Should a nurse be chemotherapy competent in order to administer antineoplastic therapies?

Created by Faye Team, Modified on Wed, 03 Jan 2024 at 10:58 AM by Jaime Weimer

It is ONS's position that any nurse involved in the administration and care of a patient receiving antineoplastic therapies be deemed competent by their institutions to do so to ensure a safe level of care for patients receiving treatment and the clinicians administering the agents. The education program should encompass both didactic education and a clinical practicum. This is stated in the ONS (2020) position statement on the Education of the Registered Nurse who Administers and Cares for the Individual Receiving Antineoplastic Therapies. In this position statement, ONS does not differentiate between settings (oncology or non-oncology), indications, routes, or doses when advocating for practice standards related to antineoplastic administration. Each employer must determine how that would occur in their setting, based on the appropriate state rules and standards of practice.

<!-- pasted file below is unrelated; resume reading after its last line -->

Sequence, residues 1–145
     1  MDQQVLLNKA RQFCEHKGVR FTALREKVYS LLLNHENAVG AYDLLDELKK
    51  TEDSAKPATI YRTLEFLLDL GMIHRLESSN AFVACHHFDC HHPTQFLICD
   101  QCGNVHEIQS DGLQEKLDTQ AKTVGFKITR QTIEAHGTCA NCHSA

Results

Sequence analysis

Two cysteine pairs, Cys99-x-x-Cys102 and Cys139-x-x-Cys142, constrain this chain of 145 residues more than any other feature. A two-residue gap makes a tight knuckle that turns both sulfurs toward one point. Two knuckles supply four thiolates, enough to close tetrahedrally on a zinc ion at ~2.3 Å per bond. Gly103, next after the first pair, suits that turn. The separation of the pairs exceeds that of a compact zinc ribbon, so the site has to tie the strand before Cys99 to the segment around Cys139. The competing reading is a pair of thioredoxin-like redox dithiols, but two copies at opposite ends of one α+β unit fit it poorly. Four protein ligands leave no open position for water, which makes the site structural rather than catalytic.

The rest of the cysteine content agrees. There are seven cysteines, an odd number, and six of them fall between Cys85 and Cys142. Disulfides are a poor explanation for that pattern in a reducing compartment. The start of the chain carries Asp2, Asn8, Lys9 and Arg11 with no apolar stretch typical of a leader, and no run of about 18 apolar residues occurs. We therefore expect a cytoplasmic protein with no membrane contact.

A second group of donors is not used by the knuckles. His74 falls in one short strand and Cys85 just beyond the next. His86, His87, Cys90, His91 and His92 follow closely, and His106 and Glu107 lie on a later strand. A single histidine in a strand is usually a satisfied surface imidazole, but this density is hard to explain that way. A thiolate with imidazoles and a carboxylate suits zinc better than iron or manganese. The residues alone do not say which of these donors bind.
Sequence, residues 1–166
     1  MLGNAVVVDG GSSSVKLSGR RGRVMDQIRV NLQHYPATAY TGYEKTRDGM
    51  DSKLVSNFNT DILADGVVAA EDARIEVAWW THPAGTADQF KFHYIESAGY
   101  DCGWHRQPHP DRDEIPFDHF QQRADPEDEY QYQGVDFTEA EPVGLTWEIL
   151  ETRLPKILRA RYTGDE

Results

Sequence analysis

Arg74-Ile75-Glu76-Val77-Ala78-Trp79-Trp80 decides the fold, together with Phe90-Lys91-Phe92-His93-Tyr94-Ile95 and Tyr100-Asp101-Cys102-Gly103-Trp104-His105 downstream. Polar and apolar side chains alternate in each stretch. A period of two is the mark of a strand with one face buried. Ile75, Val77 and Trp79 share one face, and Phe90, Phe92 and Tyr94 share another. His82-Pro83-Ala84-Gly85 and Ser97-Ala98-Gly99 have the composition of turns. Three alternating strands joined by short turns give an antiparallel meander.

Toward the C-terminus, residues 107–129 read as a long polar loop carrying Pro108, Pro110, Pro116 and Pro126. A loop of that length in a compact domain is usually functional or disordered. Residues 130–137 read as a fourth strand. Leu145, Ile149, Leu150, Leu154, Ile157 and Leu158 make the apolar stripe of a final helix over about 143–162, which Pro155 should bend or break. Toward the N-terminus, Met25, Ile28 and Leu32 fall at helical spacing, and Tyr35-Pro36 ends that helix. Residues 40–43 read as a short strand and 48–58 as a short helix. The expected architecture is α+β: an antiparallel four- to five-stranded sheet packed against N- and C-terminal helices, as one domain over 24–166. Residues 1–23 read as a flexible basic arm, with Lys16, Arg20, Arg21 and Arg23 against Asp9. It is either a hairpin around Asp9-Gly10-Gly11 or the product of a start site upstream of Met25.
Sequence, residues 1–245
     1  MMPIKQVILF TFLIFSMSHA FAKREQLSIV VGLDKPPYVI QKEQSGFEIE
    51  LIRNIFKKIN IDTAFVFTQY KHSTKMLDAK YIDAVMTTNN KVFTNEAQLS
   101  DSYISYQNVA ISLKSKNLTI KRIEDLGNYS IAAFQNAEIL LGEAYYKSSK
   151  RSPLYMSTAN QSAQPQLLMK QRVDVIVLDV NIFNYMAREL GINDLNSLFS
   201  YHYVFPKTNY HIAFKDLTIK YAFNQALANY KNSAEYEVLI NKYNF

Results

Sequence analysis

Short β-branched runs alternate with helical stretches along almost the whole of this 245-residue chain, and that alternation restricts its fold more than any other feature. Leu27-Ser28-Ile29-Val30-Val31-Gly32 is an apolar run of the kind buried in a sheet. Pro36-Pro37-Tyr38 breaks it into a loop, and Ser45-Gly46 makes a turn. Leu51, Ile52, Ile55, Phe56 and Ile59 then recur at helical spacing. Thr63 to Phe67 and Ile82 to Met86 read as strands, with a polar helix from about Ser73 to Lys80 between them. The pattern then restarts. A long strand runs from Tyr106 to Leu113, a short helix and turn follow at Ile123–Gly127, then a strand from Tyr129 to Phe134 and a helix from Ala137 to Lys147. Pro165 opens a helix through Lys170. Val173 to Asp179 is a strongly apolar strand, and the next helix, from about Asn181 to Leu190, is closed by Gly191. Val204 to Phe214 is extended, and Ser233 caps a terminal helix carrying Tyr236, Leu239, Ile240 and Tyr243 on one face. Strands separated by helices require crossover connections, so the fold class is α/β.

In the ASCO/ONS Chemotherapy Administration Safety Standards, standard 3.18 notes: "Chemotherapy is administered by a qualified physician, physician’s assistant, registered nurse, or advanced practice nurse defined in standard 1.1. (Neuss et al., 2017, p. 36)" These standards, for the purposes of administration, do not delineate between IV and oral chemotherapy.


Neuss et al., (2017). 2016 Updated American Society of Clinical Oncology/Oncology Nursing Society chemotherapy administration safety standards, including standards for pediatric oncology. Oncology Nursing Forum, 44(1), 31-43.

Oncology Nursing Society (2020). Education of the registered nurse who administers and cares for the individual receiving antineoplastic therapy.

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